Abstract: Do Political Ideology, Political Party Affiliation, Religious Affiliation, and Social Dominance Orientation Predict Cultural Competence? (Society for Social Work and Research 27th Annual Conference - Social Work Science and Complex Problems: Battling Inequities + Building Solutions)

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326P Do Political Ideology, Political Party Affiliation, Religious Affiliation, and Social Dominance Orientation Predict Cultural Competence?

Friday, January 13, 2023
Phoenix C, 3rd Level (Sheraton Phoenix Downtown)
* noted as presenting author
Naeem Shaikh, PhD, MSW, Assistant Professor of Human Services, Old Dominion University, VA
Jason Sawyer, PhD, MSW, Assistant Professor, Old Dominion University, Norfolk, VA
Background and Purpose: Cultural competence is a critical tool to inform effective social work practice across differences. There are substantial differences between social workers and the general population on political ideology, religious affiliation, and political party affiliation. Despite the pervasiveness of cultural competence in social work curricula, literature, and other professional initiatives, social work faculty, students, and practitioners face challenges in navigating differences in political ideology and religious affiliation. Social dominance orientation (SDO), i.e., an individual’s preference for hierarchies, has the potential to explain social workers’ motivation to empower clients and other important aspects of cultural competence. Yet, social work studies rarely explore the impact of political ideology, religious affiliation, political party affiliation, and SDO on cultural competence. This exploratory study aimed to address this gap by examining the relationship of these variables with social workers’ self-reported cultural competence.

Methods: The study utilized a cross-sectional design and hierarchical multiple regression as the primary statistical analysis. All 5195 social workers certified, registered, or licensed with the Oregon Board of Licensed Social Workers were solicited for participation by email. Data was collected online using the Qualtrics software. Cultural competence and SDO were measured using the Social Workers Cultural Competence Self-Assessment (SWCCSA) and SDO5 scales, respectively. Single-item measures and the Social Economic and Conservatism Scale (SECS) were used to measure four ideology variables, i.e., general economic ideology, issue-based economic ideology, general social ideology, and issue-based social ideology. Political party affiliation, religious affiliation, demographic, and practice-related variables were measured using single-item questions. Data collected from 497 respondents was analyzed to identify the predictors of cultural competence.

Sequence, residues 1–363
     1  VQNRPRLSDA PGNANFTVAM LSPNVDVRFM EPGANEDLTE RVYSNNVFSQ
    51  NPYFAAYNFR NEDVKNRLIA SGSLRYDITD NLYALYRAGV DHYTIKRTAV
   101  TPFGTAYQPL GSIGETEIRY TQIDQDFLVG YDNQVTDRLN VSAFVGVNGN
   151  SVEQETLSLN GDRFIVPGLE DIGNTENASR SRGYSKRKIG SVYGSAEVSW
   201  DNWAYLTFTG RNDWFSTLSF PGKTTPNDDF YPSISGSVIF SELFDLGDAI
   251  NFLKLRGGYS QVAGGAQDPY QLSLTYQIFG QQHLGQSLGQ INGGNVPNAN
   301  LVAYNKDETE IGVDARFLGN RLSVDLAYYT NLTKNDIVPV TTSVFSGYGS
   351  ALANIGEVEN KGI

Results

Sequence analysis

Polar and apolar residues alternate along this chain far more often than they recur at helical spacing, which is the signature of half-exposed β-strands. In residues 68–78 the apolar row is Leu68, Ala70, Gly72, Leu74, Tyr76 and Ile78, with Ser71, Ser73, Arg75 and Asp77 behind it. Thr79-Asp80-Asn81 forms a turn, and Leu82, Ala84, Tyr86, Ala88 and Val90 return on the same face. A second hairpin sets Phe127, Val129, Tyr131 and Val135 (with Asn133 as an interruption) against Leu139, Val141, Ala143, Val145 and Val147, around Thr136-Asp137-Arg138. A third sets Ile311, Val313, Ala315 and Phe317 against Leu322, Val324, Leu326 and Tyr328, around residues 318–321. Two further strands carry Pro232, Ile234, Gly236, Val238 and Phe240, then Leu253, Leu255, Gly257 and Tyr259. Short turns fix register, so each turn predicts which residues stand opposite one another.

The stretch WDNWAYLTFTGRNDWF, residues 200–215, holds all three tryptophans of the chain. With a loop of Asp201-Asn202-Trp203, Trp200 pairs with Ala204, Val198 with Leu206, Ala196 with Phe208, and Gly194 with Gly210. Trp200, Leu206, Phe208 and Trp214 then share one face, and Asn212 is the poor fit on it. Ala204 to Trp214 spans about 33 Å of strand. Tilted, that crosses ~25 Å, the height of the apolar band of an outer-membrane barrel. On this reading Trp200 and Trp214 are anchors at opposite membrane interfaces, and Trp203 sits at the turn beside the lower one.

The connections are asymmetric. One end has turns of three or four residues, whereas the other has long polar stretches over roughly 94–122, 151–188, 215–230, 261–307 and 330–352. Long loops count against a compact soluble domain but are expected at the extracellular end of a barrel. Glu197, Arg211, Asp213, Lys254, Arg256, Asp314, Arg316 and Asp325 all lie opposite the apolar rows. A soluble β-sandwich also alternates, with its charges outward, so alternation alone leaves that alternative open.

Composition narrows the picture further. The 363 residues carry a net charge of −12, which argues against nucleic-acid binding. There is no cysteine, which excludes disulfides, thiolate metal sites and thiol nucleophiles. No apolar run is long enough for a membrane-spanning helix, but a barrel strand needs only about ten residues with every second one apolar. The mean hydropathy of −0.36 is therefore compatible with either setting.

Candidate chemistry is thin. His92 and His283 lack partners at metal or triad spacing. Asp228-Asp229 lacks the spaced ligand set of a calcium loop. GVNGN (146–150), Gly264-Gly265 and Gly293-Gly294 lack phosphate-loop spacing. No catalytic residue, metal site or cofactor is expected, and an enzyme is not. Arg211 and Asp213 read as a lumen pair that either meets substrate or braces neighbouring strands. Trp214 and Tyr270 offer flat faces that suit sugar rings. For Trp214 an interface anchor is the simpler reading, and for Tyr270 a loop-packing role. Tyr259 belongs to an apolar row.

Results: Social work respondents generally reported high levels of cultural competence. Political ideology, political party affiliation, SDO, cultural competence training, age, race, and social desirability predicted cultural competence. In terms of effect size, cultural competence training was the most important predictor. Affiliation with the Republican Party and increasing liberalism on general economic ideology were associated with higher cultural competence. Being a racial minority, lower preference for hierarchies (SDO), and higher social desirability predicted higher cultural competence. Age was negatively associated with cultural competence.

Conclusions and Implications: By using a measure of cultural competence developed in the field of social work and identifying political ideology, political party affiliation, and SDO as new predictors of cultural competence, this study enhances the knowledge base in measuring and understanding cultural competence in social workers. The high levels of self-reported cultural competence among respondents may exemplify the profession’s focus on cross-cultural practice, but also highlight the importance of candidness while conducting self-assessment of competencies. Findings also support literature on the benefits of training in meeting the needs of an increasingly diverse client population. Results demonstrate the impact of racial identity and hierarchical inclinations on cultural competence, and challenge beliefs related to ideological and political party affiliation. There is a need to deliberate and further examine the challenges and benefits posed by these identities, preferences, and affiliations on social work practice, education, research, and the profession.